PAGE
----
A Conservation easement is a legal agreement between you, the landowner, and a conservation organization such as the Greater Lovell Land Trust. This agreement separates the rights to exercise more intensive uses of your land, such as construction, subdividing into lots or other development, from other rights of ownership. Envision as an owner you hold rights similar to a handful of straws. Each straw represents a right of ownership. An easement is the transferring of some of the straws to the land trust to hold in perpetuity. Development rights can be transferred from you to the GLLT through a conservation easement. The GLLT agrees to hold, but not exercise the development rights and to monitor the use of the land to ensure they are never used by anyone else.Your land does not have to be spectacular, unusual, pristine or large to qualify for a conservation easement. But the property under easement must have conservation value that needs to be preserved.
Your property does not have to be spectacular, unusual, pristine or large to qualify for a conservation easement. But the property under easement must have conservation value that needs to be preserved.
There are many different types of land and natural resources in the Kezar Lake, Kezar River and Cold River Watersheds. Easements donated to GLLT are rich and diverse, for example: waterfront property including an undeveloped cove that serves as habitat for fish and waterfowl; a woodland that will remain in its natural condition as a haven for wildlife and a wooded scenic vista for the public; wooded “back land” from the lakefront that will continue to protect the water quality of our water bodies; farmland that will remain as productive farmland forever.
Your Rights As a Conservation Easement Donor:
- The right of retaining ownership of your property
- The right to sell it
- The right to restrict public access
- The right to reserve certain uses on the whole or part of your property
- The right to give it or bequeath it to whomever you choose.
Most or all rights to develop are restricted or eliminated in order to preserve the special environmental value. However, it depends on what you wish to preserve and how you and your family wish to use your land in the future. You may want to reserve the right to build trails in a wooded area; to construct a barn, a wood shed, a garage; to reserve a portion for an additional house lot; to allow snowmobiles, but not ATVs. These are all examples of terms that have been written in easements held by the GLLT.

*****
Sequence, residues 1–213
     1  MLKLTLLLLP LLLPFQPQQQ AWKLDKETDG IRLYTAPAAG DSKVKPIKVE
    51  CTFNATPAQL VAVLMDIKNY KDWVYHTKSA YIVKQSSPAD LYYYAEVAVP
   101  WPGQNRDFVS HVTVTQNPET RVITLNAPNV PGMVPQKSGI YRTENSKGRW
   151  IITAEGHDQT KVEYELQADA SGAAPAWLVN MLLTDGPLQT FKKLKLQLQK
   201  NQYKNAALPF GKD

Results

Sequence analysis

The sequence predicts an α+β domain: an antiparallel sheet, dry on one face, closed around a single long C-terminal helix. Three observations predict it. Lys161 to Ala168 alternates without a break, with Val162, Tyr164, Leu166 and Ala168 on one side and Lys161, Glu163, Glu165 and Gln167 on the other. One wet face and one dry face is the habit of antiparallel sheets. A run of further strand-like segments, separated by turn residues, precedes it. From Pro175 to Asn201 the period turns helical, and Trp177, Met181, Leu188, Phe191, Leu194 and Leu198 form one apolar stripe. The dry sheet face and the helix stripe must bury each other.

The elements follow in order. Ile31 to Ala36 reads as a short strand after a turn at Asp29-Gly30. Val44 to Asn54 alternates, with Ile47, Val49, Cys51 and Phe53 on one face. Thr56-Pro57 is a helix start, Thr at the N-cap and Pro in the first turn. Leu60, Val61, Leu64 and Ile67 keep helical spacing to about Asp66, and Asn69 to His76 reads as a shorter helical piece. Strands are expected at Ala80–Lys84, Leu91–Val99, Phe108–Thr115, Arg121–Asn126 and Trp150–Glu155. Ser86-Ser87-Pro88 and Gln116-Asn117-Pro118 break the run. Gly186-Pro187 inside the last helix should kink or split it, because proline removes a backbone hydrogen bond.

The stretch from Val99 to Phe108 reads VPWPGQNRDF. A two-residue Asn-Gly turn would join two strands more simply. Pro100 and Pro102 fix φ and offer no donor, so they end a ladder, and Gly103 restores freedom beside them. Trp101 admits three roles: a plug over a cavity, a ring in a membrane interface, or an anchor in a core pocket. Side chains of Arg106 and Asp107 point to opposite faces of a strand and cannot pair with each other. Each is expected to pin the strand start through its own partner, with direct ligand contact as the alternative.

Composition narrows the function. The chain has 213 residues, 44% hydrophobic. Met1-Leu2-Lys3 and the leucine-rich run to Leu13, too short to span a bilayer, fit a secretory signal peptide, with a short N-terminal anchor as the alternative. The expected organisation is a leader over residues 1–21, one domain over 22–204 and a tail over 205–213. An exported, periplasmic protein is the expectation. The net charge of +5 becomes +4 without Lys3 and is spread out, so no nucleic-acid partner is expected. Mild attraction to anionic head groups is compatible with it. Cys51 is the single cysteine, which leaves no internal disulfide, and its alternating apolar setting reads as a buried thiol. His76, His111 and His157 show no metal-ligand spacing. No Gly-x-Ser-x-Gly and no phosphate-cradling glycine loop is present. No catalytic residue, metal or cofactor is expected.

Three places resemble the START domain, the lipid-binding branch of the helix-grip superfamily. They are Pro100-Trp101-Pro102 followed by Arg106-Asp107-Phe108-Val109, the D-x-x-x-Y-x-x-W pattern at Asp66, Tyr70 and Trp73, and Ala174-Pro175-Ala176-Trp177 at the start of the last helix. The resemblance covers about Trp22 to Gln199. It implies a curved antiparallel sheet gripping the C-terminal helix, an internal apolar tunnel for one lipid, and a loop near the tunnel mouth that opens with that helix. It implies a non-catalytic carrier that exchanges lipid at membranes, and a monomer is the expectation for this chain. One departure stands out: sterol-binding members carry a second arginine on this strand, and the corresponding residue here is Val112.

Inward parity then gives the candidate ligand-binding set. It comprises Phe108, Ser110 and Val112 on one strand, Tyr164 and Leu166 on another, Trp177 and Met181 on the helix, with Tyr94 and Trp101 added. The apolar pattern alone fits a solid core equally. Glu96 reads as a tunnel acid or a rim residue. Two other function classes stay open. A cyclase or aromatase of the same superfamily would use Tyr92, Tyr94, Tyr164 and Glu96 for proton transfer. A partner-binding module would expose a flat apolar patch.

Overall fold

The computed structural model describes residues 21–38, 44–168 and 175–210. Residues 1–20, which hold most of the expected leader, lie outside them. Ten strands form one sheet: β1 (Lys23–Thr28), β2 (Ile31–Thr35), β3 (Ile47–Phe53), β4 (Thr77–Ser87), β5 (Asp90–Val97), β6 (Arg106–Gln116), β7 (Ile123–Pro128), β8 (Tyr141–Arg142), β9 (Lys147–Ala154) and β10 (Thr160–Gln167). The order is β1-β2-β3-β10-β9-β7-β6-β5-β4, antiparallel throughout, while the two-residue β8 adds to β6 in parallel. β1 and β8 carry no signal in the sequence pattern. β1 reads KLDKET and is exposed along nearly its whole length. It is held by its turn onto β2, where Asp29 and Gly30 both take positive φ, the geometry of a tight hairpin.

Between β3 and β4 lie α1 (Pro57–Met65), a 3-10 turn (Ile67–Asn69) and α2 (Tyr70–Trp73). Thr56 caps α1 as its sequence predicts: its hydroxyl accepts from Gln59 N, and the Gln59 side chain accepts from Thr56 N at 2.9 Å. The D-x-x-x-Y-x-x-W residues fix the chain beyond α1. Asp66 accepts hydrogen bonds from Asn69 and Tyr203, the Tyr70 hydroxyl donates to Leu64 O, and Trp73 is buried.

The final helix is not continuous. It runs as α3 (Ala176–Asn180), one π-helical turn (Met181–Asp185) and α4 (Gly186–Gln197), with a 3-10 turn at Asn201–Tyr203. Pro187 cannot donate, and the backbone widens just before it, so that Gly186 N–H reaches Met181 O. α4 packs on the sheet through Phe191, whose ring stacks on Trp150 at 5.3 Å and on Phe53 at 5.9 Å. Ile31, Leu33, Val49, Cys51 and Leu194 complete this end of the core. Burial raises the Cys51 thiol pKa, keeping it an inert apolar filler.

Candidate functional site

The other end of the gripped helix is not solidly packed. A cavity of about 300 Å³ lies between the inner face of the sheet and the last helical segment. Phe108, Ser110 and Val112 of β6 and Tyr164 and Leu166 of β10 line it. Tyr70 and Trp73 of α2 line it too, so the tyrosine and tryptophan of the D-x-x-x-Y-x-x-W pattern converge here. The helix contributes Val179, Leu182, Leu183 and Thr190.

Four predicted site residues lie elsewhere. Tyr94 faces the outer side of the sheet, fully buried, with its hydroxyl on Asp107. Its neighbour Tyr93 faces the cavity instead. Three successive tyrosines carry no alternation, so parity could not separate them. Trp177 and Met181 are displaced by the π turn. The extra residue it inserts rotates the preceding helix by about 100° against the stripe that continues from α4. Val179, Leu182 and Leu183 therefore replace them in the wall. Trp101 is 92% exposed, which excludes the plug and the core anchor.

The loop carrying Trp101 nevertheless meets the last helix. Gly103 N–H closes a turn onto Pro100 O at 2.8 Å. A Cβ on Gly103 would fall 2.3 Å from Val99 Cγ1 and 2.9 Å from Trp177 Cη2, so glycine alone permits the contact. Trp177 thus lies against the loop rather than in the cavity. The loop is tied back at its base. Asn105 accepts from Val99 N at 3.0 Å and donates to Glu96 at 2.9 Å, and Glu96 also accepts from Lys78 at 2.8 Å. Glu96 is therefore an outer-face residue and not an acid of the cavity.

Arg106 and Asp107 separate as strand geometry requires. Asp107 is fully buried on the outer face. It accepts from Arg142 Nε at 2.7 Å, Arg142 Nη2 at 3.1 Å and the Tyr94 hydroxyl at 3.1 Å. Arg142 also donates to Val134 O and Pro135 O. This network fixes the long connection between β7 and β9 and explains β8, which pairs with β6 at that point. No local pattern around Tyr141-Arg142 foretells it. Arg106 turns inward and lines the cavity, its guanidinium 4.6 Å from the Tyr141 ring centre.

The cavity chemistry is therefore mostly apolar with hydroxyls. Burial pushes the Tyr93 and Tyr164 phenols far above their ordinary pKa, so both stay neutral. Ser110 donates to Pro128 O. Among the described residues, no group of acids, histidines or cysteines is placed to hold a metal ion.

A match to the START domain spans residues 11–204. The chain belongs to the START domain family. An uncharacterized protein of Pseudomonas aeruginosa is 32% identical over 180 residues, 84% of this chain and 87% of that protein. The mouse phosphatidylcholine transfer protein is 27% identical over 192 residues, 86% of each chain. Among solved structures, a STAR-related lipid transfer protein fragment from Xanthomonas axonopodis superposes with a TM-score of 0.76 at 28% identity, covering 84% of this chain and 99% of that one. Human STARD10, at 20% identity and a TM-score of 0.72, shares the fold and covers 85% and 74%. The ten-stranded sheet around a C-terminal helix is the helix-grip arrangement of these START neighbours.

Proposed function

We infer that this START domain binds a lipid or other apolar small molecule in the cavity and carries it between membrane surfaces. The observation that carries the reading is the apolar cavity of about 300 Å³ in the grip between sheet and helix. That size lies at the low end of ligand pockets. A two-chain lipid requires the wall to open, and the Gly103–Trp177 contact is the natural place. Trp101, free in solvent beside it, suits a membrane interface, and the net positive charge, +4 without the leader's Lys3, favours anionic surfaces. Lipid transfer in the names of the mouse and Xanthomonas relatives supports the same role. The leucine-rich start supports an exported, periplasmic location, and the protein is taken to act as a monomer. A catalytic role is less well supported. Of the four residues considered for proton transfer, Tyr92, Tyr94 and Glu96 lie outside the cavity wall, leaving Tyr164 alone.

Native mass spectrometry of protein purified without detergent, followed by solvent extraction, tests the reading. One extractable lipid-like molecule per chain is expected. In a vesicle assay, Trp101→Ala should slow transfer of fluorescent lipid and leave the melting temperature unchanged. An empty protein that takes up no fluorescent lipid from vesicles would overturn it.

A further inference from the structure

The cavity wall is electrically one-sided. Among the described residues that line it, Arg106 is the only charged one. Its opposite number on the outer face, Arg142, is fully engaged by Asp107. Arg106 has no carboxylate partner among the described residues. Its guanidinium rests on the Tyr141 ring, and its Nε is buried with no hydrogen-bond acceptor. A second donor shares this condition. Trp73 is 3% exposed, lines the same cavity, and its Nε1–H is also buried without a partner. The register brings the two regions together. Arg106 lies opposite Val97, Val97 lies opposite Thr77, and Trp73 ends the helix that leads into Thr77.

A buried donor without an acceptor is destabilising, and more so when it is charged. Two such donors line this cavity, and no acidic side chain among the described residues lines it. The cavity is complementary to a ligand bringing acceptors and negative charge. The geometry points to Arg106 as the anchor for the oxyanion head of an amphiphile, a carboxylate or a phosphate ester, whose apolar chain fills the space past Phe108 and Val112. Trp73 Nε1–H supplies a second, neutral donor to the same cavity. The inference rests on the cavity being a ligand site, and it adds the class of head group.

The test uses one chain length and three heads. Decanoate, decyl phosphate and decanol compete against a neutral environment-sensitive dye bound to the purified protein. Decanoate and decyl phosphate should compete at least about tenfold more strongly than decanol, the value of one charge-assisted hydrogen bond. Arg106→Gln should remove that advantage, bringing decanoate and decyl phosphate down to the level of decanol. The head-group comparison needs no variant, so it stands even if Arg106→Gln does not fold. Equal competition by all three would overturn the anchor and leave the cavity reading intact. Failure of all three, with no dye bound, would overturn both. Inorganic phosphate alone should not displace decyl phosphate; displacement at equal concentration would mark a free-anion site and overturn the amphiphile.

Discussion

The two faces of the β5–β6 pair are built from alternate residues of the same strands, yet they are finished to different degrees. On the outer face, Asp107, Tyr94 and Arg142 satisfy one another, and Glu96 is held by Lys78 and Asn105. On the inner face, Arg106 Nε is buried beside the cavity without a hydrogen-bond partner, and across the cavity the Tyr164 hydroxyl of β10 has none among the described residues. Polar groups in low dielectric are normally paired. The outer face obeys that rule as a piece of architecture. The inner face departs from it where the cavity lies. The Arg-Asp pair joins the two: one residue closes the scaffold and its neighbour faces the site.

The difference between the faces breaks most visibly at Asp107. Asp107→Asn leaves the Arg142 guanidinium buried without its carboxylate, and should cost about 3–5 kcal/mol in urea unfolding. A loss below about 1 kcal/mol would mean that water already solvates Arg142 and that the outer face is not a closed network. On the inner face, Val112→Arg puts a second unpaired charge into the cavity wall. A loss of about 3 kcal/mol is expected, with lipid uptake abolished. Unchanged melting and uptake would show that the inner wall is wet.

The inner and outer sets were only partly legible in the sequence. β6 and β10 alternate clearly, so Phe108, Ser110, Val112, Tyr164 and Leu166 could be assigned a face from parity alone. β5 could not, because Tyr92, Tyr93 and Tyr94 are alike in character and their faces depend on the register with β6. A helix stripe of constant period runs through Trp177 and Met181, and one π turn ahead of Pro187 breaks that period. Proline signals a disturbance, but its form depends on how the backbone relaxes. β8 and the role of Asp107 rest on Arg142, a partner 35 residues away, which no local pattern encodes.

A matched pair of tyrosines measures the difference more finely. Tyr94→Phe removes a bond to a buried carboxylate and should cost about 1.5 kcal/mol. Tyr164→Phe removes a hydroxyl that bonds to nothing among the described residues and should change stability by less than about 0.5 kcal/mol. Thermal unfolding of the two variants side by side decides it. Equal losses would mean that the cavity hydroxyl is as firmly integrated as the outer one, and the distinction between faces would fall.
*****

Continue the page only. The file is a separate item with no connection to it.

As a 501(3)c non-profit organization, the GLLT is uniquely qualified to accept donations of conservation easements as a charitable gift.
A Conservation Easement is Appealing Because…
- It is voluntary.
- You elect to donate an easement.
- It is flexible.
- Each easement is tailored to fit your needs and wishes and the goals of the GLLT.
- It is efficient.
- It is a private agreement that applies to all present and future owners of your land.
- It can save you money.
- It offers income tax, capital gains and estate tax savings if certain conditions are met.
Receiving a donated conservation easement is more economical for the GLLT than purchasing the property. The cost of maintaining the land and the benefits of its continued use remain with you as landowner.
Interest in conservation easements has grown with the increase in property values, resulting in an increased tax burden. Some landowners may have to sell or subdivide their land to pay the taxes. Estate taxes, too, can be of particular concern. Heirs have been forced to sell land that has been in the family for years, even generations, in order to pay the inheritance taxes required. Conservation easements are a strategic way to help many landowners preserve their property intact.
In order for you to enjoy the tax benefits of a donated conservation easement, you must obtain a “qualified appraisal” from a certified appraiser. To determine the easement value, the land is appraised at its fair market value without the easement, and its fair market value with the easement restrictions. The difference between the two appraisals is the easement value, from which the tax deductions are derived.
Expenses incurred in processing an easement are usually tax deductible.
To qualify for a tax deduction, the conservation easement must satisfy the following:
- Granted in perpetuity
- Given to a qualified organization such as a land trust
- Given exclusively for conservation purposes.
Income and estate taxes are complicated, frequently revised, and a matter of individual circumstances. The GLLT does not advise landowners other than to recommend they seek assistance from their own professional advisors.
Accepting the donation of a conservation easement is a tremendous responsibility for the GLLT. It means that we accept the obligation of monitoring and enforcing the easement terms in perpetuity. Once an easement is established, the GLLT documents the site’s conservation values. The GLLT Land Monitoring & Stewardship Committee annually inspects the easements to ensure the terms and conditions you established are being honored.
The GLLT becomes your “partner” in protecting your land and your wishes. Our obligation to the easement remains even upon transfer of the property to new owners. We become your eyes into the future because we are an organization dedicated to the principles of saving precious resources in the Kezar Lake, Kezar River and Cold River Watersheds.